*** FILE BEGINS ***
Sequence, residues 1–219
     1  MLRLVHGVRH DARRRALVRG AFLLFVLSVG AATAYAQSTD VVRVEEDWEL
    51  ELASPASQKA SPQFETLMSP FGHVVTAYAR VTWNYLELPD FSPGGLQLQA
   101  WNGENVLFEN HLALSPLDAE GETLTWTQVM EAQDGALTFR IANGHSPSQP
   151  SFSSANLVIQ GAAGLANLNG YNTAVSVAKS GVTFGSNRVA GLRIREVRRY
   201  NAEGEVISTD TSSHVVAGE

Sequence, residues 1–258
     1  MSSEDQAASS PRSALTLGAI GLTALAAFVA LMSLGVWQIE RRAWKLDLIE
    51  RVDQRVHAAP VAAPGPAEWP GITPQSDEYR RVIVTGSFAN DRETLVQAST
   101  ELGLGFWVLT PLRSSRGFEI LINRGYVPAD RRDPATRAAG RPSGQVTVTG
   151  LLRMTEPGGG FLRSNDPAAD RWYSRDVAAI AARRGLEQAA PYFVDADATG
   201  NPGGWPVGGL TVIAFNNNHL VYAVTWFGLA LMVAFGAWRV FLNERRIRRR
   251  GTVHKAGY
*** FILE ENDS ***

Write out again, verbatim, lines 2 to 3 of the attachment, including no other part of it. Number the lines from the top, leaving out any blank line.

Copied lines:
     1  MLRLVHGVRH DARRRALVRG AFLLFVLSVG AATAYAQSTD VVRVEEDWEL
    51  ELASPASQKA SPQFETLMSP FGHVVTAYAR VTWNYLELPD FSPGGLQLQA